By Autumne Venturino and Margaret Stewart
Brockport’s elected officials continue to look for ways to deal with old industrial sites that pose environmental hazards for area residents. Two of those sites are the former Kleen Brite Labs and Black and Decker headquarters located at 100 Fair St. and 200 State St. Both companies closed up shop in the late 1980s. What they left behind is causing headaches and potential health risks.
Brockport Police Chief Mark Cuzzupoli said homeowners were concerned when they originally learned of the toxic compounds that polluted a sizeable amount of the village.
“It was a different time,” Cuzzupoli said. “There is a creek that carried it [the pollution] across the canal on the east side of Oxford Street. There were houses there but they had to be torn down for possible contamination.”
Black and Decker had to pay for the initial cleanup of the site. This cleanup was not enough to completely get rid of the pollution problem.
Brockport Mayor Margaret Blackman is working with county officials to address the problem.
“The problem with this particular site is that in order to use the building again the soil contamination must be cleaned out,” Blackman said.
To do this cleaning a vapor intrusion system needs to be installed. According to Blackman, this system would cost roughly $80,000 and Black and Decker has refused to pay for it.
The village put in a letter of intent to get a Restore N.Y Grant. The village was approved for $500,000 but had to back out because demolishing the building would cost more than twice the grant total.
A buyer recently expressed interest in the building. According to Blackman, Jerry Rowell put $10,000 down on the building, but died of a heart attack before the deal was finished.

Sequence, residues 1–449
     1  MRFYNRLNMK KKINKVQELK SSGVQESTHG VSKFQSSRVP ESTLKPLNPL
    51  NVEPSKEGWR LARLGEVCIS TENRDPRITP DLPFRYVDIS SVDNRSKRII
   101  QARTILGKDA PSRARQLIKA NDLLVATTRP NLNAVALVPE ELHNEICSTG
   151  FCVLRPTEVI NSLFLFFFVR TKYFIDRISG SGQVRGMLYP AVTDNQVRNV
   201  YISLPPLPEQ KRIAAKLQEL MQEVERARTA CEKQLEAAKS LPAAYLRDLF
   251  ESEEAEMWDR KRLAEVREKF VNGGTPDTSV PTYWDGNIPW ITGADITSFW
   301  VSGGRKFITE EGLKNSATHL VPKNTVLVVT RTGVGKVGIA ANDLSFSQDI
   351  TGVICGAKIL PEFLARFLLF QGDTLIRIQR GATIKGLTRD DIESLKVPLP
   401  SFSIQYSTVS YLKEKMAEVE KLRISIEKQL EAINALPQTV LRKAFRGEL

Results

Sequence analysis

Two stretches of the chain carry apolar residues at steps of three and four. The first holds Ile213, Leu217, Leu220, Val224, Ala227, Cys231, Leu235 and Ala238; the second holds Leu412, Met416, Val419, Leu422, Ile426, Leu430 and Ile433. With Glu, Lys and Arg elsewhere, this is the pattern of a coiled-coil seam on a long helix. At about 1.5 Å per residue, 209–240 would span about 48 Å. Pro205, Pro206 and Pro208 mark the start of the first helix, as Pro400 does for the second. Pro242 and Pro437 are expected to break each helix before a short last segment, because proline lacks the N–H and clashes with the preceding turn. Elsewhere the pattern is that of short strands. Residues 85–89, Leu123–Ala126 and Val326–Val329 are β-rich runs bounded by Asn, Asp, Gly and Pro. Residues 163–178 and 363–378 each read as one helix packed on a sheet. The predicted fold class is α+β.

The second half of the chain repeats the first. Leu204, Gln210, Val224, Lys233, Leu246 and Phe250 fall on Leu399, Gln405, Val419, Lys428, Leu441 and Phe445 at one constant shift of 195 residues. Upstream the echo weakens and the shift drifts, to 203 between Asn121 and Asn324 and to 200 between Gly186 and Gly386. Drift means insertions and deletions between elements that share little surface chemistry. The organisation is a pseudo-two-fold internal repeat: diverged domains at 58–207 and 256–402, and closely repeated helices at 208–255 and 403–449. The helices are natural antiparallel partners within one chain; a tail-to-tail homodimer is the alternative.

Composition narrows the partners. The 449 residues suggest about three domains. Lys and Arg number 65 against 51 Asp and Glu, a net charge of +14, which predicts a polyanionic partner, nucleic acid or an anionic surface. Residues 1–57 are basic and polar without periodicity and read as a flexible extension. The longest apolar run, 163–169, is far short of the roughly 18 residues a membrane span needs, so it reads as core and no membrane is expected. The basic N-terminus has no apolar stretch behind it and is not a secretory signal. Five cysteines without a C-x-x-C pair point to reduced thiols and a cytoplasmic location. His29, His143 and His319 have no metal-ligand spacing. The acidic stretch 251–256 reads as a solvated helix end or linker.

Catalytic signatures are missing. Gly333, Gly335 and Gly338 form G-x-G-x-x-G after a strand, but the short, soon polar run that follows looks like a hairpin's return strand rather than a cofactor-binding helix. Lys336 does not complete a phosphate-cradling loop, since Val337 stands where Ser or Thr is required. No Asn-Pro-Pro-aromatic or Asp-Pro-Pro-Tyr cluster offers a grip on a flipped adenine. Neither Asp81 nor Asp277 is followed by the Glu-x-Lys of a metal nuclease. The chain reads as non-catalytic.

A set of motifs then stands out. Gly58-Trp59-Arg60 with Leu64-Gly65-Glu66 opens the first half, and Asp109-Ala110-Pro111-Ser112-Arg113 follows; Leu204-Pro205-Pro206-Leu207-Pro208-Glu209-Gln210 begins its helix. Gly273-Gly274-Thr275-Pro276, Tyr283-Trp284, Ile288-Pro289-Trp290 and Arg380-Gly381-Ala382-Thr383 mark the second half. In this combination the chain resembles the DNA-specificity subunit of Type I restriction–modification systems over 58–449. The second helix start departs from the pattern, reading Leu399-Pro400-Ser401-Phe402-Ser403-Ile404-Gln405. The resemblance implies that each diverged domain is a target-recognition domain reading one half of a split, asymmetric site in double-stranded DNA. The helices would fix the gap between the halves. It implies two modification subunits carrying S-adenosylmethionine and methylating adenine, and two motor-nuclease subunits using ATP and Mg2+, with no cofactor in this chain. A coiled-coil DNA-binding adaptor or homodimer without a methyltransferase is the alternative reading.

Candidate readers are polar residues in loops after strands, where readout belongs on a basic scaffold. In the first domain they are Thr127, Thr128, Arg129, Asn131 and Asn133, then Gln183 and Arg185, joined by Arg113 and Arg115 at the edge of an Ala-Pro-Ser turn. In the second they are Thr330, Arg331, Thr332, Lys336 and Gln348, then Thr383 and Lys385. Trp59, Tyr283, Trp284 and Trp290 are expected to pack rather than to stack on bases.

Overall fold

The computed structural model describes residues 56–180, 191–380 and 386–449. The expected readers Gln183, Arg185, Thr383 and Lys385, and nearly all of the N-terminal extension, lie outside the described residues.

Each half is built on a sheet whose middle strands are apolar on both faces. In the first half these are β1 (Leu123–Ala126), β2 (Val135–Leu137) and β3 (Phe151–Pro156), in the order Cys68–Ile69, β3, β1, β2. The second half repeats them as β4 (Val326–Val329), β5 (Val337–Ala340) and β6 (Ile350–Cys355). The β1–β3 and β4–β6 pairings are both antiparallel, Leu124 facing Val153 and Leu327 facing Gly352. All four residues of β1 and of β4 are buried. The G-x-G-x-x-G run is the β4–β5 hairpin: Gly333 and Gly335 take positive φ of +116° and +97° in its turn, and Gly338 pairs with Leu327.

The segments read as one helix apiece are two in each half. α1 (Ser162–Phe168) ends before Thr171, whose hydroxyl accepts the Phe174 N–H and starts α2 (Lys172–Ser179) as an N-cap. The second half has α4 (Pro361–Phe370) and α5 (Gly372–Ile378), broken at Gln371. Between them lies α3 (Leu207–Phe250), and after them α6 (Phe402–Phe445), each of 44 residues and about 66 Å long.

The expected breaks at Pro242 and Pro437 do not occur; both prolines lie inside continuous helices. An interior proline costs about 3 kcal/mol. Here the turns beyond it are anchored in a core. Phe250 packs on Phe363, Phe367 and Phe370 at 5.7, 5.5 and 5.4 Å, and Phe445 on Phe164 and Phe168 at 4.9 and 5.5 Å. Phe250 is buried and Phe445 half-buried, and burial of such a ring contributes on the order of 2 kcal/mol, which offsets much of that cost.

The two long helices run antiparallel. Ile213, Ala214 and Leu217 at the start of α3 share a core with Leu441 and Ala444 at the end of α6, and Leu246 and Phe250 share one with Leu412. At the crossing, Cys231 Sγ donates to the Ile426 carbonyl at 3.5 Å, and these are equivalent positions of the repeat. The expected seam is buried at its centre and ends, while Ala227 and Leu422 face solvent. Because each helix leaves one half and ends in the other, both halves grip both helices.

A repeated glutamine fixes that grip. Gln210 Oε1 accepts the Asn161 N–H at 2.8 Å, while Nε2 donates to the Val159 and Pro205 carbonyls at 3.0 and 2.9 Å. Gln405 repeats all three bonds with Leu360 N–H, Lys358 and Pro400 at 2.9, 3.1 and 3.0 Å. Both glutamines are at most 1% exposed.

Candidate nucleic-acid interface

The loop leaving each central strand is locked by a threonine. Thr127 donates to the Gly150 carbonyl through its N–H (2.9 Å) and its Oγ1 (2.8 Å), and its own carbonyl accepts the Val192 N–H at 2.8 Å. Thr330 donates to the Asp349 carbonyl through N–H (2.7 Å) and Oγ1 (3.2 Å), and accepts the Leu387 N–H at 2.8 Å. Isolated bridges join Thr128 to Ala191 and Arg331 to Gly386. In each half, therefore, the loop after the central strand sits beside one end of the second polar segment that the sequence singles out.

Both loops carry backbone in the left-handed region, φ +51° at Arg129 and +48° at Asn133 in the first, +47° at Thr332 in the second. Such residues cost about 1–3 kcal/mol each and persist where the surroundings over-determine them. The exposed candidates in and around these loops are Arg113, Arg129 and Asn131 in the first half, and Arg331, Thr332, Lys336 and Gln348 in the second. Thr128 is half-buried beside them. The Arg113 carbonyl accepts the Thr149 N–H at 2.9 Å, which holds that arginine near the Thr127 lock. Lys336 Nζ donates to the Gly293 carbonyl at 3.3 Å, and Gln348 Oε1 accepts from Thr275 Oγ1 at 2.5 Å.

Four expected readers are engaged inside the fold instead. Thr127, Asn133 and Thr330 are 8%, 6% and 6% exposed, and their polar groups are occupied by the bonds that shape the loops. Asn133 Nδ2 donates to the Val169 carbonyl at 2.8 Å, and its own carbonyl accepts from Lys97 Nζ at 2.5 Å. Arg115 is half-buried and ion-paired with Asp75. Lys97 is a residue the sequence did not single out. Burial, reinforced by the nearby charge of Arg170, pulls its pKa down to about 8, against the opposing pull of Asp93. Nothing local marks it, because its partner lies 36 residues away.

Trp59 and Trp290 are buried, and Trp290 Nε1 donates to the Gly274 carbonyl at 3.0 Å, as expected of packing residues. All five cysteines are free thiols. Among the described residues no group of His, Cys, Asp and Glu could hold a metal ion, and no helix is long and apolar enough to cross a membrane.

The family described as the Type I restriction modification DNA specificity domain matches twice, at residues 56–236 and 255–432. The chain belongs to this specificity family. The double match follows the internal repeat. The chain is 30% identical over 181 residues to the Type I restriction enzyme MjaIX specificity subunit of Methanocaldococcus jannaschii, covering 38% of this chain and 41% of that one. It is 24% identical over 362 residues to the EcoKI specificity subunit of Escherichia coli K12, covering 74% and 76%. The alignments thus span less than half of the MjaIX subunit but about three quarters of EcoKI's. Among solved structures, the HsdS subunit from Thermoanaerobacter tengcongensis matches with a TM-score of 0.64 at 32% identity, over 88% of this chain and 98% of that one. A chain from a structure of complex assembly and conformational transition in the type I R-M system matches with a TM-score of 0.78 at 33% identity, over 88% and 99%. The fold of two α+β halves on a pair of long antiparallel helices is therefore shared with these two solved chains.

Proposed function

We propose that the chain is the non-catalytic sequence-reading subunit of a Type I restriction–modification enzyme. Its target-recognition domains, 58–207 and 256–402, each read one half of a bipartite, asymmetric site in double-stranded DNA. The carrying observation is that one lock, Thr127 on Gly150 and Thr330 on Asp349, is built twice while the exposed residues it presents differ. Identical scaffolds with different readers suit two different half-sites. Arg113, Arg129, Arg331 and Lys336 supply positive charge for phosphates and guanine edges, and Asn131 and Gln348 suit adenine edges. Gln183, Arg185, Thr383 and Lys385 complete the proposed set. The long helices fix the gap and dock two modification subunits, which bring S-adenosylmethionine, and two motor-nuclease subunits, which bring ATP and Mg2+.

Before Rowell put money down on the Black and Decker site, Blackman said he had also worked on the former Kleen Brite site with his business partner, Kevin Truelson. Truelson bought that site around the same time that Rowell put money down on the Black and Decker site.
Kleen Brite Labs manufactured cleaning products using a variety of chemicals.
“People that lived close by would get soap suds on their car bad,” Blackman said.
The community formed a committee to try to have the site declared as a brownfield site, but one of the committee members interfered with the process by having the building put up for auction. According to Blackman the move to have the building put up for auction undermined the committee’s work and the site was never declared as a brownfield site.
Kevin Truelson brought the building at auction.
Blackman said, Truelson wanted to completely strip the building. They did not have the proper permits to do it. Blackman said they went ahead anyway. According to the mayor, their attempts caused a major, “hazmat problem,” for area residents.
“By the time they had stripped everything out of it, they stopped paying taxes and the county took it over again,” Blackman said.
According to the Director of Real Property, Tim Murphy both the buildings are now privately owned. The county did sell the Black and Decker building again and it is now being used for storing trucks and other large vehicles. The former Kleen Brite Labs is still owned by Truelson.
Murphy said the county is done with these buildings and has washed its hands of them.
“The county hasn’t had any affiliation with 100 Fair St. in quite some time,” said Murphy, “The county’s only interest with 200 State St. is making sure the taxes get paid.”
While both the Kleen Brite site and the Black and Decker site sit vacant, the potential health risks and the headaches associated with each linger.